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What are pelagic fish?

Pelagic fish inhabit the water column (not near the bottom or the shore) of coasts, open oceans, and lakes.

tuna swimming

Oceanic pelagic fish, such as the tuna pictured above, have agile bodies made for long distance migration. Many oceanic pelagic fish travel in schools while some are solitary that drift with ocean currents.

Pelagic fish can be categorized as coastal and oceanic fish, based on the depth of the water they inhabit. Coastal pelagic fish inhabit sunlit waters up to about 655 feet deep, typically above the continental shelf. Examples of species include forage fish such as anchovies, sardines, shad, and menhaden and the predatory fish that feed on them.  Oceanic pelagic fish typically inhabit waters below the continental shelf.  Examples include larger fish such as swordfish, tuna, mackerel, and even sharks.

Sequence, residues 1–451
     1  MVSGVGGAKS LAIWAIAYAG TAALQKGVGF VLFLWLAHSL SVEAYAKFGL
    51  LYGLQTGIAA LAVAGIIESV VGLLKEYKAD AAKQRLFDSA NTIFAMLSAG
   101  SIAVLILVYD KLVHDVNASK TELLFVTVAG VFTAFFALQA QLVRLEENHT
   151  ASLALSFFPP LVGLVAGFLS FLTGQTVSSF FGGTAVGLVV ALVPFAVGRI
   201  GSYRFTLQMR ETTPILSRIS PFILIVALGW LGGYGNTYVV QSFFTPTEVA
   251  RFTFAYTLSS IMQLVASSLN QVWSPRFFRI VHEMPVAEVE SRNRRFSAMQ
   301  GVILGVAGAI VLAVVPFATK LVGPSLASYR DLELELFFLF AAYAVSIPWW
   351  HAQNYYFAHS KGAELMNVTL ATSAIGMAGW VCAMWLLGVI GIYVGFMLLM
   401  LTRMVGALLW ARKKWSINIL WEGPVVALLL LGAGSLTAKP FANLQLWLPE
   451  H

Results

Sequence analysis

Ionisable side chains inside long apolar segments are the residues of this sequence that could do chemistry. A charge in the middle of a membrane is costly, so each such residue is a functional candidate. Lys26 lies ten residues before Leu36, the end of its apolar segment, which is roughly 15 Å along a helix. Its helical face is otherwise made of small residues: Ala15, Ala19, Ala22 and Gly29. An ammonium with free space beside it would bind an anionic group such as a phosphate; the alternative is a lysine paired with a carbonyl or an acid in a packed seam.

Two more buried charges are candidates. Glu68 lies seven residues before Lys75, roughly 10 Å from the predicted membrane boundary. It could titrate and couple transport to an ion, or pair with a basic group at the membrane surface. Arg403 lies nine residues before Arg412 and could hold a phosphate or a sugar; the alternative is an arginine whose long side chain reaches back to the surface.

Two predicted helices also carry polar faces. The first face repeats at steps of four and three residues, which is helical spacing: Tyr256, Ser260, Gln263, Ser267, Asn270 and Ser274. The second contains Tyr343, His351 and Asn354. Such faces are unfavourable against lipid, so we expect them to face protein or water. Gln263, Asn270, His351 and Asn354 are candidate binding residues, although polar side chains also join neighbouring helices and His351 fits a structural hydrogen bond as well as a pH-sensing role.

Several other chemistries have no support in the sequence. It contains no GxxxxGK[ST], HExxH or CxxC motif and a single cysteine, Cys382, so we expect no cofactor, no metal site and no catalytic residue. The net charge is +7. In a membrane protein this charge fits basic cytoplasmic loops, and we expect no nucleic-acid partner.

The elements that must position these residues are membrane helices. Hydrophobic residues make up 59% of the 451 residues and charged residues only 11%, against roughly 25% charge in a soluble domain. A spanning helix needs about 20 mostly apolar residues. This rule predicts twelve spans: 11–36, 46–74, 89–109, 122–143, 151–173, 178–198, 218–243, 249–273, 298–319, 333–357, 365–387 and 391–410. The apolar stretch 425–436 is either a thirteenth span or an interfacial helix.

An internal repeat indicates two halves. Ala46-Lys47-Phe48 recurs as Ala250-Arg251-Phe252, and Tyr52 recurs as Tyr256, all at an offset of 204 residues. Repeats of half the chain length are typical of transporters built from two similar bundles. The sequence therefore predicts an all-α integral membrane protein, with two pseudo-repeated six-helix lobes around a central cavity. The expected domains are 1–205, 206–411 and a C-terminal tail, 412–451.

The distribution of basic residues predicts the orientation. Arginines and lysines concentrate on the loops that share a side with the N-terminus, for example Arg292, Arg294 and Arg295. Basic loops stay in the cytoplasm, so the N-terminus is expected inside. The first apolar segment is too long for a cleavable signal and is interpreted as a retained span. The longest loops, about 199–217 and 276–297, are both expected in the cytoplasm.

There is no distinct boundary from coastal to ocean waters so some oceanic fish become partial residents of coastal waters, often during different stages of their lifecycle.  However, true oceanic species spend their entire life in the open ocean.  

Pelagic fish get their name from the area that they inhabit called the pelagic zone.  The pelagic zone is the largest habitat on earth with a volume of 330 million cubic miles. Different species of pelagic fish are found throughout this zone.  Numbers and distributions vary regionally and vertically, depending on availability of light, nutrients, dissolved oxygen, temperature, salinity, and pressure.

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